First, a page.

Quantitative production analysis and EUR prediction from unconventional reservoirs using a data-driven drainage volume formulation
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© 2019, Springer Nature Switzerland AG. A novel data-driven approach was previously introduced for production analysis of unconventional reservoirs without the traditional rate transient analysis/pressure transient analysis assumptions. The approach relied on a w(τ) function, which is drainage volume geometry function to characterize the flow geometry from the transient drainage volume. It has been used to rank refracturing candidates and to determine optimal fracture spacing. In this paper, we generalize the previous study to improve the amount of quantitative reservoir information obtained during the production analysis. Our approach is based upon a transient generalization of the Matthews-Brons-Hazebroek definition of the pseudo-steady state drainage volume. It is obtained from an asymptotic solution of the diffusivity equation in heterogeneous and/or fractured media. Given field pressure and flow rate data, we can calculate the transient well drainage volume with time. The time evolution of the drainage volume can be inverted to estimate w(τ) function, which contains information of underlying flow geometries, and which is then used for quantitative analysis. The power and utility of the proposed methodology is first validated with synthetic examples and then demonstrated using a well from the Montney shale. In the examples studied, we are able to identify linear flow, the onset of fracture interference, complex nonlinear flow, and the development of the stimulated reservoir volume (SRV), leading to the quantitative calculation of matrix permeability, fracture surface area, and volume of the SRV. The proposed approach is a data-driven model-free analysis of production data without the presumption of specific flow regimes. It provides a simple and intuitive understanding of the transient drainage volume and instantaneous recovery efficiency, irrespective of the complexity of the reservoir depletion geometry. We show an improved approach for the w(τ) inversion which yields better physical resolution and which can identify more detailed characteristics of the underlying flow geometry than previous studies, e.g., complex near-fracture flow, linear flow, and fracture interference. The results of the analysis have been used for the characterization of hydraulic fracture and reservoir properties, including the prediction of fracture surface area, matrix permeability, and SRV, and extended to the calculation of estimated ultimate recovery.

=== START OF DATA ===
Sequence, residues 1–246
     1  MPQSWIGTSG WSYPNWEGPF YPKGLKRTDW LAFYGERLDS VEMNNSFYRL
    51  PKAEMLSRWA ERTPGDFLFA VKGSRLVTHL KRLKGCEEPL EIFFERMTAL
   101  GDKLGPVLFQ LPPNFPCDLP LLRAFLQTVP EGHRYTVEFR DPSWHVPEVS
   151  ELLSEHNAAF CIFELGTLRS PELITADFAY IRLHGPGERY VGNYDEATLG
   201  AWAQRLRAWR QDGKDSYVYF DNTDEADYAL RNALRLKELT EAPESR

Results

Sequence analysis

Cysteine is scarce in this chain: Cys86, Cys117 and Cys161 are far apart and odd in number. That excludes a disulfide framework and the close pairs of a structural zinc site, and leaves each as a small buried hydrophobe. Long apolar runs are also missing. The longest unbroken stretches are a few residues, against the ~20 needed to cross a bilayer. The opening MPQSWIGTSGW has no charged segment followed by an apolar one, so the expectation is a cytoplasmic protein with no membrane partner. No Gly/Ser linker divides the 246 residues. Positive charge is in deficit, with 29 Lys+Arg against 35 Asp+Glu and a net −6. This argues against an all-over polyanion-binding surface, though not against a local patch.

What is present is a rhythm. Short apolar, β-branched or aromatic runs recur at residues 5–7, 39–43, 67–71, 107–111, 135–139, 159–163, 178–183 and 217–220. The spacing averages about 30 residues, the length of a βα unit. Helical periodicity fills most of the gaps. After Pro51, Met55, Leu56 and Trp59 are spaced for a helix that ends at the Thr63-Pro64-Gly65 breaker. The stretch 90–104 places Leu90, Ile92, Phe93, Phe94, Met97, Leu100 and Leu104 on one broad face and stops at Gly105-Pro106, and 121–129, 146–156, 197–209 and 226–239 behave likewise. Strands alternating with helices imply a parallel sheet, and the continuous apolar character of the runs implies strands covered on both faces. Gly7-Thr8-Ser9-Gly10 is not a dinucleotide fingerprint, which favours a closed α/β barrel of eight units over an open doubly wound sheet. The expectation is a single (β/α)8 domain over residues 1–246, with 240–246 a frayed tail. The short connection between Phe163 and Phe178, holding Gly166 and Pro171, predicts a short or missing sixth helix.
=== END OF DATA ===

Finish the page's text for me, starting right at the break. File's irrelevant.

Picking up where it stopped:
author list (cited authors)
Wang, Z., Malone, A., & King, M. J.